In Chapais we were to meet our 7th companion for the trip. Mike was coming from Nova Scotia on a Transalp but had his clutch begin slipping to the point where he had to turn around a few hundred km's from Chapais. Mike ended up doing about 3200 km in 3 days and I am sure had a good ride although not the one he intended to take. Bummer Mike, you missed out on a good trip :cry
Downtown Chapais (wouldnt want to live here, bit of a desolate rundown feel to it). We topped up with gas and made our way to the next town of Chibougamau (your guess is as good as mine of how to pronounce it) to top up with supplies (SAQ the french version of a liquor store). Bikes packed with vino we were off to the start of the North Road. Our plan was to camp at the Rupert River which is about 258 km down the North Road.
A few quick cell calls to our significant others as this would be the last area with cell coverage for a while (note half of us had Rogers phones and they get no coverage for the better part of trip, something to consider of you head this way, Telus phones get coverage in all kinds of crazy and remote areas).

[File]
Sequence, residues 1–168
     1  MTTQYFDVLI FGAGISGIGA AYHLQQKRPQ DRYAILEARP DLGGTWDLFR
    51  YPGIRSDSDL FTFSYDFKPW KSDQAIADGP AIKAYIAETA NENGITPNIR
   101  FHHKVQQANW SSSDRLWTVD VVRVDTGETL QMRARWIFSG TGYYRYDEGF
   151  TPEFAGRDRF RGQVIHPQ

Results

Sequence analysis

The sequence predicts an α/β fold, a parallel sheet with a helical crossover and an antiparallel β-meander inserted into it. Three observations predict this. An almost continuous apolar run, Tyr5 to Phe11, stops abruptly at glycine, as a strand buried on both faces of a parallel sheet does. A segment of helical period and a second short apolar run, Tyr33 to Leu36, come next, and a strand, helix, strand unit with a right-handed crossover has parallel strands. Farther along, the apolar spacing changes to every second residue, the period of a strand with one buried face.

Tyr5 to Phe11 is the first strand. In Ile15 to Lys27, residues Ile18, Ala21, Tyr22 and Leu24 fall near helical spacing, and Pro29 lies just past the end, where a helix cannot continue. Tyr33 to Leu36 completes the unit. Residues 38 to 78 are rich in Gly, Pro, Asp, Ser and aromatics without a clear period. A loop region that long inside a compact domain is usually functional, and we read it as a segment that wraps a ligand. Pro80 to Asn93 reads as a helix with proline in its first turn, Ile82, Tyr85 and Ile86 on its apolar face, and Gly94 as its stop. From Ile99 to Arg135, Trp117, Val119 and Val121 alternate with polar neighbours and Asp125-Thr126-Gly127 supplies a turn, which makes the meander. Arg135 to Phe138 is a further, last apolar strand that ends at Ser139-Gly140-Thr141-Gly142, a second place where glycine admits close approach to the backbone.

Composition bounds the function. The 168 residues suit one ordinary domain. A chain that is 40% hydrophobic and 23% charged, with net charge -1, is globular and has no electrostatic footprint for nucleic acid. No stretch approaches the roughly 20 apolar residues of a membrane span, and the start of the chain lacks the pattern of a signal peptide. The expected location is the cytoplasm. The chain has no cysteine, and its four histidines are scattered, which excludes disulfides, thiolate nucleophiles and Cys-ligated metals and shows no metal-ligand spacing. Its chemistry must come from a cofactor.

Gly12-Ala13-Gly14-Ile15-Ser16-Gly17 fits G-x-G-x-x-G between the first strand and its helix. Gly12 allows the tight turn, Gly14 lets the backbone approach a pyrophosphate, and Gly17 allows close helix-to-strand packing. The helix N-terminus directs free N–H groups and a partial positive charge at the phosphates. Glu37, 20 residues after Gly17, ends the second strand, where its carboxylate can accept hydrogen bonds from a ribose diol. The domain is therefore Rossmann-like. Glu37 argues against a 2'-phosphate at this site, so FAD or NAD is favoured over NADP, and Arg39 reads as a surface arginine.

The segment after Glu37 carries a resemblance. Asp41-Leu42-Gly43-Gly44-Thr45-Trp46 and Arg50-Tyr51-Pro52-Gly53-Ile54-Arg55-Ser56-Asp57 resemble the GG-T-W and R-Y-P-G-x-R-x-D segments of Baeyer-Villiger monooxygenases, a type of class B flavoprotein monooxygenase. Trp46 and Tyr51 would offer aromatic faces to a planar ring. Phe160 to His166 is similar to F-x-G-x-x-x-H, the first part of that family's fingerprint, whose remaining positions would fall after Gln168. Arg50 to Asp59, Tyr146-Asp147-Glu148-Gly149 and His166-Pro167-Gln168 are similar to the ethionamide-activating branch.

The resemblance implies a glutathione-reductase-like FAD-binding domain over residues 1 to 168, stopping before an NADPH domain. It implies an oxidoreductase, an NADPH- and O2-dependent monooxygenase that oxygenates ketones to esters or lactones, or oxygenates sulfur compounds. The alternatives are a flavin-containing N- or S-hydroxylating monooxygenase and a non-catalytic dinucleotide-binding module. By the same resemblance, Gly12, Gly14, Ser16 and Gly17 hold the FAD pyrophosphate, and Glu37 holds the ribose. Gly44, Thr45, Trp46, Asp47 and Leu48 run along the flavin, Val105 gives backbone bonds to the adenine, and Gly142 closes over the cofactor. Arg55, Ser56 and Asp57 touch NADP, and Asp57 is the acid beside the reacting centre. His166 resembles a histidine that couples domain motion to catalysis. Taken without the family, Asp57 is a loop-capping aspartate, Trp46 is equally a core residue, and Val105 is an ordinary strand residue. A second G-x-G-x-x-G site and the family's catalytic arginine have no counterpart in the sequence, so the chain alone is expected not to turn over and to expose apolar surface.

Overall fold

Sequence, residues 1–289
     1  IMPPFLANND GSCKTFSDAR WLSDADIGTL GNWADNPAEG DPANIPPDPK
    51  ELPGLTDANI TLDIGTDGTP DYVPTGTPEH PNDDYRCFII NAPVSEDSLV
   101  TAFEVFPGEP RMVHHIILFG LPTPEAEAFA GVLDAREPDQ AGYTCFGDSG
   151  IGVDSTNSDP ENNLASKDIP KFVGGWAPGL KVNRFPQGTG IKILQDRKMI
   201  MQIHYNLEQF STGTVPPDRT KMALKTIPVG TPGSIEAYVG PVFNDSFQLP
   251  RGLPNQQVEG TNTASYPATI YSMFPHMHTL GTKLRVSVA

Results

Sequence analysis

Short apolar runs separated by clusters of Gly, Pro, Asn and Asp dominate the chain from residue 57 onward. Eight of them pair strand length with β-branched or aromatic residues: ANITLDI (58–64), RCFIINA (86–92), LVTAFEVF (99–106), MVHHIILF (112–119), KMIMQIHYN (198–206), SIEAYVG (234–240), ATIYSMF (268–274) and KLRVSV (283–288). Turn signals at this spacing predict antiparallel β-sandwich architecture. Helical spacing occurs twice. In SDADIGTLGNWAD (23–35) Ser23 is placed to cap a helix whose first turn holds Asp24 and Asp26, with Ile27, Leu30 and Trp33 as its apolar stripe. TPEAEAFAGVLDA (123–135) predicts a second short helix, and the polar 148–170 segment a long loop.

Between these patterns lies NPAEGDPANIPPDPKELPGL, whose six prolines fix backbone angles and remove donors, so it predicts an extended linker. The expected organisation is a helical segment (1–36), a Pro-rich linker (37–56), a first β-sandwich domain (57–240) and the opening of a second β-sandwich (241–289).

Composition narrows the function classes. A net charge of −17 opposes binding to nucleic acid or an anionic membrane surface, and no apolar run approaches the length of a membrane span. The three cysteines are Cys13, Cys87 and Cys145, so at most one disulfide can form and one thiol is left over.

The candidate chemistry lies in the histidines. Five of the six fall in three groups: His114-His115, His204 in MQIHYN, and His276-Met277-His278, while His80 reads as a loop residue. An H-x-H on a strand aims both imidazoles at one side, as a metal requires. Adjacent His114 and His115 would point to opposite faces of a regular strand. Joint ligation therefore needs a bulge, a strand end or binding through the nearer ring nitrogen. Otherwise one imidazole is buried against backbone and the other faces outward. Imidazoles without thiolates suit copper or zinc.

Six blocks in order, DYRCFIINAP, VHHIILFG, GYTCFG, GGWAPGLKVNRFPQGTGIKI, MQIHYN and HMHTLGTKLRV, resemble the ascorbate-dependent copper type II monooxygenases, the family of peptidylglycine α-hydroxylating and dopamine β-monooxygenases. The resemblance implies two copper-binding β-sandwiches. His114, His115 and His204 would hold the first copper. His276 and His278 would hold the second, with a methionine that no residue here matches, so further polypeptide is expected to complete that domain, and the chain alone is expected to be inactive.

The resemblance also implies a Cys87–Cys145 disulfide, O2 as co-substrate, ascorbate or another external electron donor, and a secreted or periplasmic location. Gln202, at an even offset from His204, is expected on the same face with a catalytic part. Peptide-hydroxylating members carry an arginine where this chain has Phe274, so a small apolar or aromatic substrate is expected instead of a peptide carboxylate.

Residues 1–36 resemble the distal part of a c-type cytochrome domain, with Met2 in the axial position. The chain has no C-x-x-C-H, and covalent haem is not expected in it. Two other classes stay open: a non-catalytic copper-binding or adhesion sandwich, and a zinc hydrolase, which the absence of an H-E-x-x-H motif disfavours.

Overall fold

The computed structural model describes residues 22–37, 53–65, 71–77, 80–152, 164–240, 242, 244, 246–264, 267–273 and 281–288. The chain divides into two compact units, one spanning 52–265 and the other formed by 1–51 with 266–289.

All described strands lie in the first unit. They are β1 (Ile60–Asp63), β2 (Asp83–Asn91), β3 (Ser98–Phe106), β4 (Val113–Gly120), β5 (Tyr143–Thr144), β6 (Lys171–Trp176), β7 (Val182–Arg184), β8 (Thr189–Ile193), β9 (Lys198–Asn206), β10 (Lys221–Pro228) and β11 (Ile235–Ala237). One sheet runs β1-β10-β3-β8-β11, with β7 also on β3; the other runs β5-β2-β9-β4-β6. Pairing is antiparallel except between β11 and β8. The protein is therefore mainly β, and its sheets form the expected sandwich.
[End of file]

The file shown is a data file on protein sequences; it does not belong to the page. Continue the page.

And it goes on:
Looking down the North Road its hard not to grimace as the road has been freshly graded with maybe one set of tracks on it. Ah well its only 258 km. Funny how a trip like this starts, at first everyone is a bit apprehensive of the gravel and speeds are kept low and the pack close together. Well soon enough the dust forces everyone to spread out and within a short while everyone is hitting it Dakar style. This is truely one fun road. The surface changed from loose marbles of gravel, to oiled down almost pavement style road to a section about 50 km long of deep silty sandy terrain that guarantees pucker factors no matter what speed you were doing.
We stopped to regroup every 50+ km or so. Maurizio was the only one of us to not be riding on knobbies so he understandably had to go a bit slower. I wouldn't have wanted to have been riding his big bike with worn out tourances on it, kudo's to you :clap I am sure he must have had many more pucker moments than the rest of us, and we tallied up many of them for ourselves.